“We know that many of the people who are targeting the Jewish community for anti-Semitism are also targeting the Muslim community for Islamophobia,” Omar said in an interview with Democracy Now radio program.
“And so we have to collectively work together to uplift our voices and say no to hate. We know that both our communities here in the United States are targeted by white supremacists.”
According to a Pew Research Center poll earlier this month, the majority of Americans say Muslims face discrimination, and the number of people who say Jews face discrimination doubled since 2016.
American Muslims have been asking for more security for their mosques and Islamic centers after the attacks on mosques in New Zealand on a Friday prayer, churches in Sri Lanka on Easter Sunday, and a synagogue in California on Saturday.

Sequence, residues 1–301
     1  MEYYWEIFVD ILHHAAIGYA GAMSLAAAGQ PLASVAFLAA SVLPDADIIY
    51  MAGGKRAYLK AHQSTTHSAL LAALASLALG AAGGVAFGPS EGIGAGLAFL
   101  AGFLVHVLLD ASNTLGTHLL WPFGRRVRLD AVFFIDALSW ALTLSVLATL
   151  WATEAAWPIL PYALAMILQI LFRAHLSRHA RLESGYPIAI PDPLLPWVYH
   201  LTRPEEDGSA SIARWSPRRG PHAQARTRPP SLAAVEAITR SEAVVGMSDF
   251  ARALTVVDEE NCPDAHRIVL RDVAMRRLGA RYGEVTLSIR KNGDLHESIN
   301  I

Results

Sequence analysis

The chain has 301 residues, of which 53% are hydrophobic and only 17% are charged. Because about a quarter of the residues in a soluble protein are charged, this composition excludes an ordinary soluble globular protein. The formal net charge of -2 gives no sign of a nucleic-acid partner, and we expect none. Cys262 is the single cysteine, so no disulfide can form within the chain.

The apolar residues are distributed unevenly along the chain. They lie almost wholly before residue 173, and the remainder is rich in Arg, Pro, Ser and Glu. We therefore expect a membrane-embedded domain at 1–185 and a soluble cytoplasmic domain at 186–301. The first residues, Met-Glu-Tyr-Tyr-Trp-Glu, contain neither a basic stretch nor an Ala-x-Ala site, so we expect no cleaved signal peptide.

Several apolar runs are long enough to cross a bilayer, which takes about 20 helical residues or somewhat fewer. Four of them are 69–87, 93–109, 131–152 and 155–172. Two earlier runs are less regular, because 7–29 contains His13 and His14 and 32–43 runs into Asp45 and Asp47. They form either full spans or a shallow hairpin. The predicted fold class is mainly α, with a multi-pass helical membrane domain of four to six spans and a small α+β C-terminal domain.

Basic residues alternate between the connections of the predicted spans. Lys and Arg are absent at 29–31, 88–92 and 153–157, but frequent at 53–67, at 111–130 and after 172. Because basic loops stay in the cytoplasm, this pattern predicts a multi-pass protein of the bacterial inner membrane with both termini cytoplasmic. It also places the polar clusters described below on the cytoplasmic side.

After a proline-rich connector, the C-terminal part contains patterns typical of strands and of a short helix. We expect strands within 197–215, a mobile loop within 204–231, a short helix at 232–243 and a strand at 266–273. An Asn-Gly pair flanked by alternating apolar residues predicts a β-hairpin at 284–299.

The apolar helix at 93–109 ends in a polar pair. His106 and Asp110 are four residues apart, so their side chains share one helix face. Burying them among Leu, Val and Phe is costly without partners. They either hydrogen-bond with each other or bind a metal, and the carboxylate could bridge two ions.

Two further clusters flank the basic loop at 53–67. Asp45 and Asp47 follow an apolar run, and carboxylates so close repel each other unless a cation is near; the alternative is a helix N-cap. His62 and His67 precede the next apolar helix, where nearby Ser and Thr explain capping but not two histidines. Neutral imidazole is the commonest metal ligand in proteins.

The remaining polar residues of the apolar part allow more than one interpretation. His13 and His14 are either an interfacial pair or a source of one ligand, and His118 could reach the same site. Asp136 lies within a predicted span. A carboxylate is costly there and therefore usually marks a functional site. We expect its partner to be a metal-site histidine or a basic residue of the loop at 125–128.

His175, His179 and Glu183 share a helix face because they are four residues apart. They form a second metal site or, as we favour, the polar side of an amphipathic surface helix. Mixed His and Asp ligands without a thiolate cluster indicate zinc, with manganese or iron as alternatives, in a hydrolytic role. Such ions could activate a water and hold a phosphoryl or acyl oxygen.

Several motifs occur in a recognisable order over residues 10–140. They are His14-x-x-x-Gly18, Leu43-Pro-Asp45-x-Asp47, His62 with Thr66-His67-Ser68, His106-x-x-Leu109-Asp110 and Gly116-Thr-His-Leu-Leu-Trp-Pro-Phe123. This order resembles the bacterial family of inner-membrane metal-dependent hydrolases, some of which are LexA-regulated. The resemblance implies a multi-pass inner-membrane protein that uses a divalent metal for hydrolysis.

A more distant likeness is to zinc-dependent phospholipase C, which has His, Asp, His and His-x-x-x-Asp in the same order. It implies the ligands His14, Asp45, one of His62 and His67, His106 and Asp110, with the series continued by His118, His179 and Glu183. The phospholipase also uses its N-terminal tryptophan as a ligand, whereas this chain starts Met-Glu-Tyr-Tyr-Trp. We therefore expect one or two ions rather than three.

“We know the conservatives are doing everything they can to distance themselves, to disinform the public about the monsters that they helped feed, that are now causing devastation in mosques and synagogues,” Omar said.
“If we are not collectively wising up to that reality then we will suffer the pain of it.”
Omar is the first Somali-American (and hijab-wearing) Congresswoman in the US.
Omar’s journey to become the US first Somali-American Muslim lawmaker began in a refugee camp in Kenya when her family was escaping Somalia’s brutal civil war.
In 2014, Omar was named a rising star in the Democratic–Farmer–Labor Party’s Women’s Hall of Fame. She received the 2015 Community Leadership Award from Mshale, an African immigrant media outlet based in Minneapolis.
Moreover, in 2017, Time Magazine named Omar among its “Firsts: Women who are changing the world”, and her family was named one of the “five families who are changing the world as we know it” by Vogue in 2018.
Omar’s calls come as Muslims prepare to welcome the holy fasting month of Ramadan.